NBC's 'SNL' reboot raises questions of diversity
During an often-glorious 38-year run, “Saturday Night Live” has featured some accomplished comic players of color: Eddie Murphy, Tim Meadows, Chris Rock, Tracy Morgan, Maya Rudolph, Kenan Thompson.
Is that enough diversity for a program that has come to define satire on American television?
The question has come up periodically since “SNL's” earliest days. And it has come up again with the start of a new season, its 39th. In another of its periodic resets of its ever-evolving cast, the show added six cast members this season — five of whom are white and male.
This development has elicited a rebuke of sorts from within. Jay Pharoah, who along with Thompson is one of two African Americans in the 16-member cast, told the website TheGrio that the NBC show should hire an African-American woman. “They need to pay attention,” said Pharoah, who even promoted his own candidate, comedic actress Darmirra Brunson. “Why do I think she should be on the show? Because she's black first of all, and she's really talented. ... And I believe they need to follow up with it like they said they were going to do last year.”
In the case of “SNL,” the cast tends to mirror its targeted audience, which is primarily young, white and male. But casting is often destiny. Performers frequently write sketches for themselves, and writers often write to the personas and characterization skills of the performers. That often has a strong racial component. When Rudolph returned to host the show in 2012 after leaving the cast five years earlier, for example, the difference was striking. She portrayed a series of black women — Maya Angelou, Beyoncé, Michelle Obama — who hadn't been visible on the show in her absence.
Rudolph, who also memorably impersonated Whitney Houston, was a rare performer in more ways than one. In its first 38 years, “SNL” had 13 African-American cast members, and only four them — Rudolph, Danitra Vance, Ellen Cleghorne and Yvonne Hudson — were women.
In 2008, the show passed over Thompson and other African-American actors when it sought someone to portray Barack Obama. The role went to Fred Armisen, who is of Caucasian and Asian heritage and whose mother is Venezuelan. Armisen donned darker makeup for his portrayal, generating controversy as a result. Pharoah took over the role at the end of last season.
“SNL” has also turned its lack of black female representation into an inspired joke. In 2011, the show hilariously spoofed Beyonce's “Single Ladies” video by featuring three white guys (Justin Timberlake, Andy Samberg and Bobby Moynihan) as the high-heeled and leotarded backup dancers to the real Beyoncé.
“ ‘SNL' has a history of including many hosts, musical guests and cast members with different backgrounds,” said Lindsay Shookus, the producer who oversees the show's casting. “When we scout for the show, we always look for diverse voices and representation.”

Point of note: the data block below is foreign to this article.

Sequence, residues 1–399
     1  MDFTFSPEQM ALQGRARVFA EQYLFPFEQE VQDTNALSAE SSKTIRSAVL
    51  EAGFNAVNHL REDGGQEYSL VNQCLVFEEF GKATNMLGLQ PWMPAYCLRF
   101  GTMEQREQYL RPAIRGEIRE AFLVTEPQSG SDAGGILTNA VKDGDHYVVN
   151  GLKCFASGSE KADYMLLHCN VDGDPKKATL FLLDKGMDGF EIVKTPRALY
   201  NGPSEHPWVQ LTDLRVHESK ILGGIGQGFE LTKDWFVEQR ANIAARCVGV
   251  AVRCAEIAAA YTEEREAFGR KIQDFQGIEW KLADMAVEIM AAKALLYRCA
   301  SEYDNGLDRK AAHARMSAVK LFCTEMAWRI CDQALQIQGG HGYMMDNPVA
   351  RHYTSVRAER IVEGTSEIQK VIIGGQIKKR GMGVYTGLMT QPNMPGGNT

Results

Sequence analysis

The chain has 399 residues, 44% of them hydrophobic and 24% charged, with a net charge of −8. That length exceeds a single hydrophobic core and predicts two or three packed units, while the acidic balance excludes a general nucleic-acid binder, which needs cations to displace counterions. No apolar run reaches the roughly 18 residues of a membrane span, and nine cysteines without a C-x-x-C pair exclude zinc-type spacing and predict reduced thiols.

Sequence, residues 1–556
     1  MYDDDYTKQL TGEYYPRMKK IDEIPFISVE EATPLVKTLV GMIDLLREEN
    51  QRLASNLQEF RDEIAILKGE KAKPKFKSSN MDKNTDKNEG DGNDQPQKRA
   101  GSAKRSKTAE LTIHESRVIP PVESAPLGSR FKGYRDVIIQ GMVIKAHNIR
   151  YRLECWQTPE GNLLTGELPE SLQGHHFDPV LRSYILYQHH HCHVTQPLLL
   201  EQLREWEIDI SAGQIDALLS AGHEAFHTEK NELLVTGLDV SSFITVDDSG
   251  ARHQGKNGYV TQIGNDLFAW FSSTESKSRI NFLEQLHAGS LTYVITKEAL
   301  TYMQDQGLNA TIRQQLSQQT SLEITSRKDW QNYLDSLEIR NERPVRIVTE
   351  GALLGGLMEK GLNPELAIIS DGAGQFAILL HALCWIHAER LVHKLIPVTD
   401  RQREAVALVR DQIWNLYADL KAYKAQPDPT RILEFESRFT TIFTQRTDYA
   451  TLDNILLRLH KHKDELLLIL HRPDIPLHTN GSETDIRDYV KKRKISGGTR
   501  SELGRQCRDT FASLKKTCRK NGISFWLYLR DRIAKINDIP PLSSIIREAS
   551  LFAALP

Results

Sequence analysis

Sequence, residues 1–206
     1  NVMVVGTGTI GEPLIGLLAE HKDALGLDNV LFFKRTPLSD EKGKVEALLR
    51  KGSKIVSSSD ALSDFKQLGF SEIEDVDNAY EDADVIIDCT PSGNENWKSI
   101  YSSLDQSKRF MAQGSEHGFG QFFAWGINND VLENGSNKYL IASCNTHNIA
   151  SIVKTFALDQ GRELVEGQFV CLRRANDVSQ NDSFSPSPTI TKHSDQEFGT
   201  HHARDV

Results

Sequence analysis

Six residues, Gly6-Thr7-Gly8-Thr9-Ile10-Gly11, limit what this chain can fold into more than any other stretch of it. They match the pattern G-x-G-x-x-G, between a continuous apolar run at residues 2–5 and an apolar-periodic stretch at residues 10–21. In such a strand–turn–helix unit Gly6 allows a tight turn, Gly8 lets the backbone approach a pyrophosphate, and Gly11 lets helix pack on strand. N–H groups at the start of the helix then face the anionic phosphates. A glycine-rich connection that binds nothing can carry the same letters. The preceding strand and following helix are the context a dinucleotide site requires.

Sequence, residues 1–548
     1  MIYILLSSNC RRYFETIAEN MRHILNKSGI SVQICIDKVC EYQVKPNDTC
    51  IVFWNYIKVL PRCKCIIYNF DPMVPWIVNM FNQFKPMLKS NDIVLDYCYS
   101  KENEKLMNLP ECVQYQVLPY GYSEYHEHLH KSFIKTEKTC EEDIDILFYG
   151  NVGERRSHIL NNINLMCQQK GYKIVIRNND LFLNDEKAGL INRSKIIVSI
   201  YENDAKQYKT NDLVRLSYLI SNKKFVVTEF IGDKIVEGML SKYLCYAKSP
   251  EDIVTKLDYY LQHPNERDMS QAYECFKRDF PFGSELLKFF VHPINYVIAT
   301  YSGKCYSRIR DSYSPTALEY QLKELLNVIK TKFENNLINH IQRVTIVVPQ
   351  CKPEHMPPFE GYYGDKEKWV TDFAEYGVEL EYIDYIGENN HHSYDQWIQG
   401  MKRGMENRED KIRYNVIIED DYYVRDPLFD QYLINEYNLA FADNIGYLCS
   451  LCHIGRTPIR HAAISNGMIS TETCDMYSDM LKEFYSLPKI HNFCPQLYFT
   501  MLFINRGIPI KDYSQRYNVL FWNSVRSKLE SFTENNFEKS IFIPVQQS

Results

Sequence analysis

A person close to the show said that Pharoah never mentioned Brunson before and that there was never a promise to add an African-American woman to the cast.
The cast includes a performer of Hispanic-Tunisian descent (newcomer Noel Wells) and one of Persian heritage (Nasim Pedrad).
But nonwhite cast members are overwhelmingly the exception. Horatio Sanz and Armisen were the first and only Latinos in the cast until Wells arrived; Armisen and Pedrad are among the few Asian Americans ever to perform.
Some of this may reflect the pool of performers from which “SNL” recruits. Over the years, three improv companies — the Groundlings in Los Angeles, Second City in Chicago and Upright Citizens Brigade in New York — have supplied many of the show's writers and actors. And those farm teams are often no more diverse: The Groundlings' main cast of 30, for example, is all white, as is its secondary cast of 10.
“I think any ‘TV' producer will tell you that they would like a bigger pool to draw from,” Second City's chief executive, Andrew Alexander, told Salon.com last month. “I think we're just a reflection, so, I assume that people who are producing television shows do wish there was a larger pool to draw from.”
The perceived whiteness of “SNL” has provided an opening for sketch-comedy programs that are more frankly racial, both in cast and in content, such as “In Living Color,” “Mad TV” “Chappelle's Show” and Comedy Central's current mini-hit “Key and Peele.” (K&P's Jordan Peele recently said he auditioned for and was offered a role on “SNL” in 2008 but couldn't get out of his contract at “Mad TV.”)
Ron Becker, an associate professor of media at Miami University in Ohio, says “SNL” may be somewhat out of step with an increasingly diverse American population, but it's not out of step with its audience. It's simply set up to serve the comic “sensibility” that young people — especially young white people — enjoy.
“The audience (for ‘SNL') is implicated in this,” says Becker, the co-editor of “Saturday Night Live and American TV,” a new book of essays about the show. “If critics think segregation is a problem on the show, it's also a problem with viewers. We tend to seek out the comedy that speaks to our sense of what's funny, however we define that. We don't seek out comedy that's not for us.”
Becker points out that minority performers have far more opportunity to develop a following these days than when “SNL” began in 1975. Thanks to a fragmented media landscape, “you can speak to your audience on BET, on Comedy Central or narrow-cast through venues” on the Internet.
And is that kind of comedy segregation such a bad thing?
Actually, Becker says, it might be. “I would argue that it's good for the social processes of our society if we have more material that reflects an integrated sensibility. In some small way, it might help us offset the kinds of polarization and self-segregation” that American society faces.
Paul Farhi is a staff writer for the Washington Post.